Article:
Insights | South African Scholar: BRI promises greener future

2023-09-26 Editor : Zhao Li ECNS App Download

By Lin Zhuowei

(ECNS)— “So I think that the initiative that China has taken in terms of building that infrastructure, and it takes a while, will be a game changer in terms of assisting to bridge the gap between the two continents (Asia and Africa),” Dr. Farhana Paruk, head of Client Engagement at Gordan Institute of Business Science (GIBS) at the University of Pretoria and a former fellow at the Weatherhead Center for International Affairs at Harvard University, spoke positively on the outlook of the Belt and Road Initiative in South Africa and the wider African continent during an exclusive interview recently with China News Network.

Linking Asian and African countries,

Green Silk Road shows great potential

“You know, when you link and you bring in infrastructure, what happens?” asked Paruk, “we can go back to the historical Silk Road and see how that brought countries and communities together.”

Paruk believes that infrastructure paves the way for economic development by creating job opportunities and increasing connectivity.

Citing the historical Silk Road as an instance of how greater connectivity can facilitate trade, people-to-people and cultural exchanges, she said that the initiative is recreating the glories of the predecessor by linking Asian and African countries within the BRI.

“I think that what we saw at the BRICS and the BRICS plus, there was a lot of emphasis on BRI, and I think this is where the opportunities are there.”

She said that in Africa, most of the projects substantialized under the BRI are in the north of South Africa, with the Mombasa–Nairobi Standard Gauge Railway in Kenya serving as an outstanding example. She expects more projects to be implemented in South Africa, especially in the sector of green energy.

Paruk emphasized that the African continent, blessed with an abundance of sun throughout the year, boasts favorable conditions for developing solar energy. In the context of the increasingly volatile global climate and rising demands for sustainable, high-quality development, the multilateral mechanism offers excellent potential for closer coordination between Asian and African countries on green energy and relevant technologies.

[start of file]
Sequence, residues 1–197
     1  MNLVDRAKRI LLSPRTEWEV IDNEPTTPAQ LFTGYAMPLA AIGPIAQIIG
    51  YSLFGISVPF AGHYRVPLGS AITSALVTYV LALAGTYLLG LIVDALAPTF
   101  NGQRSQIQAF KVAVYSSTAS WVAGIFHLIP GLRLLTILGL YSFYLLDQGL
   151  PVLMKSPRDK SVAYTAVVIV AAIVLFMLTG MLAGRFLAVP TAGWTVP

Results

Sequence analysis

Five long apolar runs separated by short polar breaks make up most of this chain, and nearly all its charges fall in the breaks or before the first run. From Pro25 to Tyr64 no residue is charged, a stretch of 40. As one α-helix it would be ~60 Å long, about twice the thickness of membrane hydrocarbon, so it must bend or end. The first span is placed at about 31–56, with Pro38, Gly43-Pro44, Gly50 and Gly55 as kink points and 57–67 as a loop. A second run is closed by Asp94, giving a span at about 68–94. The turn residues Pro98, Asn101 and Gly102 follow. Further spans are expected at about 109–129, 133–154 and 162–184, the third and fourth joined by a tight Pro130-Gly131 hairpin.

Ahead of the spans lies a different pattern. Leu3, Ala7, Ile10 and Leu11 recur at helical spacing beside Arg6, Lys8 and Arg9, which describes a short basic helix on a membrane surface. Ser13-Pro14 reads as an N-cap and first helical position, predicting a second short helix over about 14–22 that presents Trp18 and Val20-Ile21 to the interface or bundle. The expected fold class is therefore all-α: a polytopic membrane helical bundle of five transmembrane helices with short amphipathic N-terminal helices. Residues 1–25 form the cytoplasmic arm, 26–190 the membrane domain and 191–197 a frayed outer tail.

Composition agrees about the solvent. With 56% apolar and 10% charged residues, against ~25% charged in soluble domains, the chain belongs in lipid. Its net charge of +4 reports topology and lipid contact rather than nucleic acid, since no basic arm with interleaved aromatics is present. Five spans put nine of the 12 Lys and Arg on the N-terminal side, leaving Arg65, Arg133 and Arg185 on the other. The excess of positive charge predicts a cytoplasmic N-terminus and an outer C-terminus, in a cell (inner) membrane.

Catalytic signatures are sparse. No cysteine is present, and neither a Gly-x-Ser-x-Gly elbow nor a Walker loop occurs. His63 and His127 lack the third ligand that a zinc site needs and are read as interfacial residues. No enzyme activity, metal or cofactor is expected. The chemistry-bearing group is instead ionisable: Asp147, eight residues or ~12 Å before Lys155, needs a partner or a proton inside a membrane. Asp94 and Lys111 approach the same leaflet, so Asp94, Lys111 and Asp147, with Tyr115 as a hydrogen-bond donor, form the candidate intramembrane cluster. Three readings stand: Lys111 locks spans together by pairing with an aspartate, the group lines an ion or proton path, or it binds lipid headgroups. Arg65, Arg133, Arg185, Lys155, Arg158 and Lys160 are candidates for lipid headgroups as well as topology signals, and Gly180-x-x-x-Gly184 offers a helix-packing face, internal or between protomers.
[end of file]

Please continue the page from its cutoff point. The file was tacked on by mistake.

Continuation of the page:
A story of admiration,

A country of the future

Paruk, who studied China for more than two decades, confessed her love humorously when sharing her story with China, “I always say my first love is China, and then my husband comes second.”

Paruk expressed her admiration for the profound history and cultural diversity in China. Despite having visited the country nearly 30 times and having seen a fair share of China, she said that she continued to find herself captivated by new discoveries on each visit, and acclaimed that the hospitality and the humility of the Chinese people are no less impressive.

“China represents the future to me,” said Paruk. In her opinion, the country has not only pulled off a miraculous chapter of tremendous economic growth in a short span of several decades, but also demonstrated resilience and a strong community sense when faced with difficulties.

She recalled her visit to the Red Flag Canal in Henan Province, China. She learned that the canal was built by the community together when there was massive poverty and the people were severely lacking in access to water. And the canal still works today.

Dr. Farhana Paruk at an exhibition hall of the Red Flag Canal project. (Photo provided to China News Network by the interviewee)

Dr. Farhana Paruk at an exhibition hall of the Red Flag Canal project. (Photo provided to China News Network by the interviewee)

She believes that the resilience and unity of the Chinese people will help them overcome whatever challenges come in their way during the construction of BRI projects.

Inclusive and sharing,

Real bond endures

Paruk stated that Chinese people’s sense of community resonates well with the philosophy of “ubuntu” in South Africa, both of which advocate the interdependency and peaceful coexistence of people in the same community. And what the BRI offers is a global development solution based on inclusivity and sharing in a similar vein, she suggested.

She notes that in more than two decades of diplomatic ties between China and South Africa, the two countries have maintained a close, continuous friendship with each other, which she believes is truly special and invaluable. During South Africa’s energy strain, the technological assistance that China has offered to alleviate the crisis proves that the two countries have established a real, enduring bond.

She said she sincerely hopes for more cooperation between the two countries in the energy sector and a brighter future for the BRI with more fruitful results.

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